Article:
***1/2 out of five stars
The third film written by Daniel Clowes and based on a graphic novel of his (following Ghost World and Art School Confidential), Wilson is the story of a foulmouthed man who tells it like he sees it.
The film’s lead character, Wilson (played by Woody Harrelson), is a middle-aged man with a misanthropic streak, no filter, and a distain for the age of social media. Fate leads him to reconnect with his ex-wife Pippi (Laura Dern), and it is revealed that they have a long-lost daughter named Claire (Isabella Amara). Also featured in Wilson’s misadventures are Pippi’s two-faced sister Polly (Cheryl Hines) and the kind dog-sitter Shelly (Judy Greer).
Wilson is a wildly entertaining movie and should appeal to fans of Clowes’s other works. Like many protagonists in Clowes’s stories, Wilson is a comedic yet well-defined misanthropic figure. Wilson isn’t just your standard jerk, he says exactly what he thinks outside and even shouts profanity in public. One could say he’s an older and even exaggerated version of the kind of sociopathic characters Kevin Smith used as sidekicks in films like Clerks and Mallrats.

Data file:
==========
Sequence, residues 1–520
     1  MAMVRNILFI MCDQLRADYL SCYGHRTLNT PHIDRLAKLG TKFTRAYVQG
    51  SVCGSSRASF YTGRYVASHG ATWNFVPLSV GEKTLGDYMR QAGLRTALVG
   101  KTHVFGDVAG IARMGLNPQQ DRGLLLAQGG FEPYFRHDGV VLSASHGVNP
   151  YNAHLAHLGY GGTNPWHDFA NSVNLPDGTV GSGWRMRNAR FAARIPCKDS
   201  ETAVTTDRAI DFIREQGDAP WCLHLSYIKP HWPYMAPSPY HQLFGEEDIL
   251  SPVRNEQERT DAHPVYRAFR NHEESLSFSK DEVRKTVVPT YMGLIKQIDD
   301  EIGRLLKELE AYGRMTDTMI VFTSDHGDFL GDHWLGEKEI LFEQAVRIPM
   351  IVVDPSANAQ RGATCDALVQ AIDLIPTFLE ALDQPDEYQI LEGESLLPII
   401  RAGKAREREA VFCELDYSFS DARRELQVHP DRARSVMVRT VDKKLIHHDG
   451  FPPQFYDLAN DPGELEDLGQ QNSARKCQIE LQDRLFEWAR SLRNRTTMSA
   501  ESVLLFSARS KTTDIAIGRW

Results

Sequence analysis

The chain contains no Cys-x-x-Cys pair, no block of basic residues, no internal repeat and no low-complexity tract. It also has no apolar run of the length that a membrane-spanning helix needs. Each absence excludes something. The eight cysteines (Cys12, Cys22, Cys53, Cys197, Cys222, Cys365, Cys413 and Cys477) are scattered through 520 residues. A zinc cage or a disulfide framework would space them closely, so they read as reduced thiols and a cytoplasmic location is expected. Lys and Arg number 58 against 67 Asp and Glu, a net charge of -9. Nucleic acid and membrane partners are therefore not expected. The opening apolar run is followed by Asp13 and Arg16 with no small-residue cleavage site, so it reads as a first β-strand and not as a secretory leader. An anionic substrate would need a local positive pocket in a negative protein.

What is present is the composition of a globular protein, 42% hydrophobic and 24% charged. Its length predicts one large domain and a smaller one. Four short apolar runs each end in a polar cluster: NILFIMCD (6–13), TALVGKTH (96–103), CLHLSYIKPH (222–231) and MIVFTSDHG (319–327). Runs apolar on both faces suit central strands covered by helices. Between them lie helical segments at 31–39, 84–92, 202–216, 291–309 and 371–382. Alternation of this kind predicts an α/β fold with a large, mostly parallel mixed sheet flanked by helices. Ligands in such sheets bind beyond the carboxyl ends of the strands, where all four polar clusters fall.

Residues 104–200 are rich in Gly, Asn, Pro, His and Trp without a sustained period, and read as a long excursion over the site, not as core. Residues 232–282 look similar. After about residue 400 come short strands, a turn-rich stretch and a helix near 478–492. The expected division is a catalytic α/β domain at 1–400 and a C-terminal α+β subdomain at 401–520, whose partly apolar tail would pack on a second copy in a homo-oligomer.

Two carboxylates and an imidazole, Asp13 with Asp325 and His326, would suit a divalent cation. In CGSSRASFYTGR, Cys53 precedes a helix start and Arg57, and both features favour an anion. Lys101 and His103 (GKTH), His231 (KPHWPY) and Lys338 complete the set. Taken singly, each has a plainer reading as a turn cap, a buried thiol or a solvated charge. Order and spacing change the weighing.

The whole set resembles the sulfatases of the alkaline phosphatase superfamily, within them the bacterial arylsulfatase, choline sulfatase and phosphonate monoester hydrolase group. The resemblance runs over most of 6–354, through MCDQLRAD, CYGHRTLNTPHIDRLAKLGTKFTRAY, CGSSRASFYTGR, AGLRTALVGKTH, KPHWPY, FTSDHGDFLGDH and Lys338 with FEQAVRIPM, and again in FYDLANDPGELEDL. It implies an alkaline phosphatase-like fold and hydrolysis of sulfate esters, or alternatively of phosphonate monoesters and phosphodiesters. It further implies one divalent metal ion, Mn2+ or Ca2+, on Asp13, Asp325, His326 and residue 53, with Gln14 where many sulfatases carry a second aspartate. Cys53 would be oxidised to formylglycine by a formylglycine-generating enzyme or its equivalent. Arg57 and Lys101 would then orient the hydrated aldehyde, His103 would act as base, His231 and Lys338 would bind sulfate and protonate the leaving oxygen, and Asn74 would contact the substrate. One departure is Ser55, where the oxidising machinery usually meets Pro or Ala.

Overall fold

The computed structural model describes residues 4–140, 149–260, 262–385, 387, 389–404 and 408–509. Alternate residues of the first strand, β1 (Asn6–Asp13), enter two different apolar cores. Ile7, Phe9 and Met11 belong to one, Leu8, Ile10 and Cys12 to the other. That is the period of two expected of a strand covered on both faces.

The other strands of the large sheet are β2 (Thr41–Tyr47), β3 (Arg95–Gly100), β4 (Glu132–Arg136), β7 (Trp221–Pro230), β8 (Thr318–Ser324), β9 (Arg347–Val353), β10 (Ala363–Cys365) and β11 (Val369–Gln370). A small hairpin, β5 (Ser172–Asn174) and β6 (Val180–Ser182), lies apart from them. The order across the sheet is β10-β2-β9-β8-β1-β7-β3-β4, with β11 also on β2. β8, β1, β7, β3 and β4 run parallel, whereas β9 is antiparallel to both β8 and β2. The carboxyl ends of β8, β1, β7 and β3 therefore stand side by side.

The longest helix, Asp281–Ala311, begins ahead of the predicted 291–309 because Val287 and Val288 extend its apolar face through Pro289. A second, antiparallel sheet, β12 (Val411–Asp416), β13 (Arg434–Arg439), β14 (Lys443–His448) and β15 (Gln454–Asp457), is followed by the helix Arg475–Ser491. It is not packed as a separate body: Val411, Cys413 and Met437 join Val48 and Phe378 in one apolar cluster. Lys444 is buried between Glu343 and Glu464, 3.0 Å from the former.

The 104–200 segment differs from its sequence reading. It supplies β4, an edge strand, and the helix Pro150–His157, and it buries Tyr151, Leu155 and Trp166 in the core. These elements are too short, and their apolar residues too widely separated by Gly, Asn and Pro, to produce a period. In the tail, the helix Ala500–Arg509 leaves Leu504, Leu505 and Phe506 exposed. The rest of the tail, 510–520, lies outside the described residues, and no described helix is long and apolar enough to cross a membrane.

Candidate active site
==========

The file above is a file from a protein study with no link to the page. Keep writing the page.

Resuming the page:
But there’s a more serious and even emotional side to Wilson (both the film and the character). At the start of the film’s third act, Wilson is sent to prison, and after his release three years later he tries to repent for past mistakes. We see that his time in prison made him a more social person. Reduced to having less than he did at the start of the film, he manages to turn a new leaf while still retaining his honesty and somewhat cynical edge.
Wilson should appeal to fans of Daniel Clowes and those who aren’t afraid to indulge their inner cranky old man.
P.S.: Clowes fans should note that the Ghost World movie is getting a deluxe Blu-ray release courtesy of the Criterion Collection on May 30.